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The internet believes Texas hospital worker got fake COVID-19 shot. What do you think?

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On Friday, The University Medical Center of El Paso (UMC) made a big deal on video of vaccinating five medical workers. The video went viral after they inoculated a front-line nurse. The hospital was immediately accused of faking the vaccination since the syringe plunger did not move. They later gave the employee a second shot to negate the allegations.

The five medical personnel were filmed getting the hospital’s first immunizations against COVID-19 on Tuesday with TV crews invited to capture the event on video.

Viewers of KTSM 9 News spoke up and said that they saw a problem with the vaccination of the second nurse. The syringe plunger appeared to have already been pushed down before the needle was inserted into Ricardo Martinez’s arm.

Questions began flying over whether the worker actually got the vaccination or not. People wanted to know if it was staged.

“Clearly that syringe was EMPTY and the plunger was already down. Where’s the bandaid? Yeah, nice try! We are not fooled!” Facebook user Barbara Siira wrote.

“Syringe is empty, the guy didn’t push the syringe at all, bad acting,” viewer Aaron Isaac Hernandez wrote.

“Just for show. I’m definitely not taking this now,” wrote another Facebook user.

The not-for-profit hospital, which has 394 beds, denied the vaccine was fake or staged but said they would be ‘taking a closer look’ at the video as well as vaccinating the nurse a second time.

UMC healthcare worker Martinez said afterward that he was “honored and privileged to be one of the first ones to get the vaccine.”

He also stated: “It feels like a little relief that we’re finally gonna get some help, we’re gonna get some vaccines. Hopefully, it’ll help because it’s been a lot of work for everybody.”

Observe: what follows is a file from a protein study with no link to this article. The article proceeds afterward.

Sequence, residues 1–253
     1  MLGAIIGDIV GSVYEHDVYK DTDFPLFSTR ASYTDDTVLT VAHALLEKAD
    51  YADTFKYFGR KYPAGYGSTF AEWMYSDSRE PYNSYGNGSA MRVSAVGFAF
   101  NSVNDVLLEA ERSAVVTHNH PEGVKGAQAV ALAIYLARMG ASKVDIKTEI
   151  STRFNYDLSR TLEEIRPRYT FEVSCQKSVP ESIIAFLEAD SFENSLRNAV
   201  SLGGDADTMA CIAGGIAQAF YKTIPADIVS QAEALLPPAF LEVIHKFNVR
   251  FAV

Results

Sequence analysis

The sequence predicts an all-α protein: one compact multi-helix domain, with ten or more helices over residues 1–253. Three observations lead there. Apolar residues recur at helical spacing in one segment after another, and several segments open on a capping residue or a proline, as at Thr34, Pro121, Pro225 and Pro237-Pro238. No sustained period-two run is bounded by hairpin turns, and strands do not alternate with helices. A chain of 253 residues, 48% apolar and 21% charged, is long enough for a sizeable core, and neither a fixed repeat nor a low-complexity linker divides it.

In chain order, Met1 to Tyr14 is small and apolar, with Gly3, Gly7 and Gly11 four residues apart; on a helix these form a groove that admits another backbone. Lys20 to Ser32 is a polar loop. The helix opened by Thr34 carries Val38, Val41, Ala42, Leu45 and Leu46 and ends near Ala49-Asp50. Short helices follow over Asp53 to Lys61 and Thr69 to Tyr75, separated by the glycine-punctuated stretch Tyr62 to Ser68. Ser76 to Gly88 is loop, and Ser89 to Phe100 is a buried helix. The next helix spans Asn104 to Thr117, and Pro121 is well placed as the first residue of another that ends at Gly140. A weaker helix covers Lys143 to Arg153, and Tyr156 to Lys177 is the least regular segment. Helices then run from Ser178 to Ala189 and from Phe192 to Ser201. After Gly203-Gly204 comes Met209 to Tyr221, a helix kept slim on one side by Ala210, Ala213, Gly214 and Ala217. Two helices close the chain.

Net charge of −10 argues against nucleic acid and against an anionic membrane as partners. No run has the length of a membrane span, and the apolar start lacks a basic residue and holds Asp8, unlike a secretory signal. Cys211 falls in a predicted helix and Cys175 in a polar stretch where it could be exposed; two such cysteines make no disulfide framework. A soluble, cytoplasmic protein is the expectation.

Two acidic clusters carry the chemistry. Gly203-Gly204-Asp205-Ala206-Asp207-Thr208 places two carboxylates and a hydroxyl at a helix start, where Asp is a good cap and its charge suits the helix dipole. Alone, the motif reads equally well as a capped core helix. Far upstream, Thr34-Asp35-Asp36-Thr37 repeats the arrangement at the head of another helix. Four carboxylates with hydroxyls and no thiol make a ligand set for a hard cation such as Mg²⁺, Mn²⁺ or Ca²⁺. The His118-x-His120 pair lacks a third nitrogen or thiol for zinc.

UMC was one of several El Paso hospitals to start administering Pfizer’s COVID-19 vaccine. UMC received more than 2,900 doses. The vaccinations began shipping across the U.S. last Sunday.

“We feel like it’s a good step to getting the global pandemic under control,” UMC CEO and President Jacob Cintron said.

Approximately 3 million doses were sent out from the plant in Michigan on Friday, ready to be administered starting on Monday.

In a statement, the hospital said: “After numerous reports emerged on social media claiming one of the five nurses receiving a vaccination on Tuesday did not receive a full dose of vaccine, we want to remove any doubt raised that he was not fully vaccinated and further strengthen confidence in the vaccination process.”

They added that the nurse was vaccinated a second time.

“UMC has confirmed with the US Advisory Committee on Immunization Practices (ACIP) that re-vaccinating the nurse will not cause adverse effects,” they said.

The nurse will need to return after three weeks to receive his second dose.

Hospital spokesman Ryan Mielke called it “the light at the end of the tunnel we have all waited for.”

Another nurse, Raul Garcia, said it “felt good” and was “almost like a sigh of relief.”

“So far the vaccine has only had local side effects and systemic side effects that don’t last longer than two days,” Dr. Armando Meza, Chief Infectious Disease Specialist, with Texas Tech Health Sciences Center said. “Those symptoms can be fatigue, headache, and fever.”

Meanwhile, several in the UK have had adverse reactions to the vaccine. In fact, a number of recipients have had bad reactions: two in Alaska, with one being hospitalized; one in Florida; and four in Chicago, where another was also put in the hospital.

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